Raking the ocean surface : new patterns of coordinated motion in seabirds

Camille Assali, Nicolas Bez, Yann Tremblay

23 March 2020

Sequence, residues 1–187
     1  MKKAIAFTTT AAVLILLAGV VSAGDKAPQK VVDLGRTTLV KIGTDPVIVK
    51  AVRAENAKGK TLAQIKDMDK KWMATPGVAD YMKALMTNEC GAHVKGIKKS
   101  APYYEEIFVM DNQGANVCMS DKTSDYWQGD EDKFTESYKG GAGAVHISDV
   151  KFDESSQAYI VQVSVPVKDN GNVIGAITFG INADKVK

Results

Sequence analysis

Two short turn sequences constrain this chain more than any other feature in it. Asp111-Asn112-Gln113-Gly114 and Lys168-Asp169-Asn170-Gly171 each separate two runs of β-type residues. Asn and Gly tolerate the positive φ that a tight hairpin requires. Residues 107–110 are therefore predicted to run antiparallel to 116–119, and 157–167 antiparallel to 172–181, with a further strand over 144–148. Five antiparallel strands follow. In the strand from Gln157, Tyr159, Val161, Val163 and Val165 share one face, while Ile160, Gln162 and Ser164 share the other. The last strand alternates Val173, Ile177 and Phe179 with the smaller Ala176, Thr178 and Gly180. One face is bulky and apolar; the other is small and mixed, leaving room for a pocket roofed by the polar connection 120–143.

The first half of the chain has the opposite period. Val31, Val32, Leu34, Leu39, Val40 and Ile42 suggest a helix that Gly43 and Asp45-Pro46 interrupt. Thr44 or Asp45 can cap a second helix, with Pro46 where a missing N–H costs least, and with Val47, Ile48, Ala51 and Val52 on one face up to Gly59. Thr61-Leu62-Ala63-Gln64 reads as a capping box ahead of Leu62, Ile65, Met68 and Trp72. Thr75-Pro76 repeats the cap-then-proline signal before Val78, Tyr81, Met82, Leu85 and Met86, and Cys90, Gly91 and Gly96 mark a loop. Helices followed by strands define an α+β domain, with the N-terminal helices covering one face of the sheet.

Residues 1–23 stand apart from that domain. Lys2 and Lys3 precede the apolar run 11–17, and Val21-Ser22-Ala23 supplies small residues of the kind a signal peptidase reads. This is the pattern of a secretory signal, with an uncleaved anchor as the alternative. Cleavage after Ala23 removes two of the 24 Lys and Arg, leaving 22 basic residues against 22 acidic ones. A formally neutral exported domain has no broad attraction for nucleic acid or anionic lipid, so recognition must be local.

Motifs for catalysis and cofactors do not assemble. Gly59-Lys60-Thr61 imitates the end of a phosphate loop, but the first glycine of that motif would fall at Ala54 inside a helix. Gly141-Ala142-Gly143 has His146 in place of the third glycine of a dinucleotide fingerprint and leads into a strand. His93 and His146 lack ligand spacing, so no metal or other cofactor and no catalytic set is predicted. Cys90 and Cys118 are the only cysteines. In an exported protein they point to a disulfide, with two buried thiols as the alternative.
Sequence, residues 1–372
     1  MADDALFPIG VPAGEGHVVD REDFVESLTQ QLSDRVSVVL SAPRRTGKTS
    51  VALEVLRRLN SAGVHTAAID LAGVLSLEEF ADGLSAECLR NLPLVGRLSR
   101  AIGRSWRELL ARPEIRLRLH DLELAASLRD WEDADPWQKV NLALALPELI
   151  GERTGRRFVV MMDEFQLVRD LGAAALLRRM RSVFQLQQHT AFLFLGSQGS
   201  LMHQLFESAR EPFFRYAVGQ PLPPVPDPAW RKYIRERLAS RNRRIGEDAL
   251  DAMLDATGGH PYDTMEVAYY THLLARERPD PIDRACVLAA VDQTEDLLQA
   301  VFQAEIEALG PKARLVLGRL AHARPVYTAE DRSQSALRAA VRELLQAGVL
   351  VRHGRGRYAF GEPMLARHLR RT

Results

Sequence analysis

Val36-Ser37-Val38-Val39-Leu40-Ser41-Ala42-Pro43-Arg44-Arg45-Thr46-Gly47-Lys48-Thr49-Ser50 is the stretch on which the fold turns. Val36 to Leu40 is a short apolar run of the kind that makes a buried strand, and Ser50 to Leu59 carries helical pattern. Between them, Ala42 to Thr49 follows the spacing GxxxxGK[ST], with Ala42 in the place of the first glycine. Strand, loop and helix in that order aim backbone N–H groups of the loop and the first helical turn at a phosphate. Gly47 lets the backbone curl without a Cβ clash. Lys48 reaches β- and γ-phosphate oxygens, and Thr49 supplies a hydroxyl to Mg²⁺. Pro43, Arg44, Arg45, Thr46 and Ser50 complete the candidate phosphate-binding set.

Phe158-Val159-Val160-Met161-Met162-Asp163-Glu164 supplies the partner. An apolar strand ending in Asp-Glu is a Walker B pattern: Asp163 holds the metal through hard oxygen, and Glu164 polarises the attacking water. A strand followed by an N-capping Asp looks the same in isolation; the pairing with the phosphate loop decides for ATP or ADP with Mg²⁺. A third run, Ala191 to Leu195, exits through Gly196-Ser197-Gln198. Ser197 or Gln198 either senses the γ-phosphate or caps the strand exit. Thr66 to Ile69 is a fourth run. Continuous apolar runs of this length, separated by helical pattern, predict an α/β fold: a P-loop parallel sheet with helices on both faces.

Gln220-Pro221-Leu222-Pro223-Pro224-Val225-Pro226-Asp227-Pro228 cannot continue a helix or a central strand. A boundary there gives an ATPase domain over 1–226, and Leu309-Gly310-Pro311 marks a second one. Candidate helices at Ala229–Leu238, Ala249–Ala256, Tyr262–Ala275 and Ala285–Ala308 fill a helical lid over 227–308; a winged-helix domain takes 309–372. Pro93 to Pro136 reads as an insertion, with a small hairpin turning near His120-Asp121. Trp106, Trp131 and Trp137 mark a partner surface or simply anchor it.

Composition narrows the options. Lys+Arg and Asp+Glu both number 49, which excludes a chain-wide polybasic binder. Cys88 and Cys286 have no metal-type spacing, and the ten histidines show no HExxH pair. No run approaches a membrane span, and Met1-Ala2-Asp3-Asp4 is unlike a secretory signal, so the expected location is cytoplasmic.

Coordinated movements of seabirds exploiting a prey patch are known to increase prey encounter and capture rates of individuals. These behaviours, based on effective cooperation between seabirds, have only been reported at small scale, i.e. the scale of the prey patch. However, the efficient prey exploitation by seabirds in vast oceans require larger scale processes such as information transfers between individuals. Indeed, information transfers between foraging seabirds (e.g. changes in behaviour) reduce their search cost while increasing their prey encounter rate. Whether or not these information transfer processes imply active cooperation is unknown. Using images from fishing boat radars in the eastern tropical Atlantic, we show the existence of frequent medium‐scale patterns of coordinated flights of seabird groups, consisting in seabird fronts (“rake” patterns) of 0.3 to 4.4 km width, displacing cohesively over 1.2 to 10.6 km and lasting between 2 and 19 min. For these rakes to be maintained, seabird groups have to adjust their flight speeds and directions, while they are on average distant of 500 m from each other, what cannot occur by chance. These findings suggest the existence of collective and coordinated movements in seabirds during prey searching at several kilometres' scale. This potential cooperation between foraging seabird groups brings new insight in the evolutionary trajectories of seabirds life‐style.